This claim has been challenged by a collection of articles written by five authors which appeared in the February 29, 2008 issue of Science Magazine. The authors argued any expanded use of bio- fuels will require cultivating more land, and whenever a plow disturbs the earth it releases the carbon dioxide which is stored in roots and in the soil itself. It takes many years of cultivating virgins lands before the carbon cycle can come back into balance. In the short run, they say, less carbon dioxide may be released by using gasoline for fuel, than is released by using bio-fuels. I wish to make a couple of comments about this argument.
First of all, while bio-fuels may not be carbon-neutral for several years, gasoline or any other fossil fuel can only be carbon-neutral on a scale which stretches over hundreds of millions of years. This is a time scale which is effectively infinite in comparison to the normal time horizon of human actions. Even if a human act releases carbon dioxide which does not get recycled for many decades, it will still beat out the time required to re-cycle the carbon in fossil fuels. Second, the five authors in that issue of Science did not all agree on the feasibility or desirability of our making a rapid transition toward a carbohydrate economy. Some argued that bio-fuels made from waste products or from perennials grown on degraded or abandoned farmland could be carbon-neutral almost immediately. It all depends on the details of the execution of the process. That is not an argument for abandoning the effort to transition to a carbohydrate economy here in the Midwest, or for not encouraging such a transition on a global scale.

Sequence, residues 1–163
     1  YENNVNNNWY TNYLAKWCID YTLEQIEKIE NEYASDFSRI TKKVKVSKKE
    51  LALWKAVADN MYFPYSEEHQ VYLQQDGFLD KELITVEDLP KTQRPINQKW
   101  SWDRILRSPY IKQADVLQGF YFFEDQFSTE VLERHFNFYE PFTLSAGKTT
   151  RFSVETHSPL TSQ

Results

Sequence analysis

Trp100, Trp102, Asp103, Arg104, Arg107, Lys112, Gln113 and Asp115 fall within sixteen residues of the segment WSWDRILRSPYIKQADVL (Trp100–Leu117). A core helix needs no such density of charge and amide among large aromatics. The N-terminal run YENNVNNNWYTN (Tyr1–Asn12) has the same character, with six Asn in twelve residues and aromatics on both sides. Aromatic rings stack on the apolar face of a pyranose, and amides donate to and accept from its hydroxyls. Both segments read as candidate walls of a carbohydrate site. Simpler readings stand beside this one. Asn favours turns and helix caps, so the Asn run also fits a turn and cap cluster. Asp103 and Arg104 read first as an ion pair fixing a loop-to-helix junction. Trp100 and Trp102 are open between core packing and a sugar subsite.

VIII. Conclusion: Bio-Fuels Contribute to a Sustainable Future.
My support for a carbohydrate economy may have originally derived from a nostalgic ideal concerning life in a small, Midwestern town before and during W.W. II. That is not a sufficient reason for dismissing my proposals, however, since many positive innovations have been derived from such motives of nostalgia. I am impressed by the range of options which developing a carbohydrate economy would open to us. It would allow the production and use of many sorts of fuels, not just ethanol, and for a variety of plastics and fibers, the use of which need not cause an increase in greenhouse gases. The nation of Brazil has used bio-fuels derived from sugar cane to run their transportation sector, and they managed to achieve energy independence in this way starting in 2006. The rocket scientist Robert Zubrin has argued (in his 2007 book, Energy Victory), that we should follow Brazil’s example and develop bio-fuels, not just to save small town agricultural economies, but to help make us less dependent on those in oil-rich nations who wish us ill. My hopes are more modest than Zubrin’s. If the development and deployment of bio-fuels really can save the economies and culture of our smaller Midwestern communities, while reducing the carbon footprint of the transportation sector of our economy, that is for me reason enough to pursue this energy path.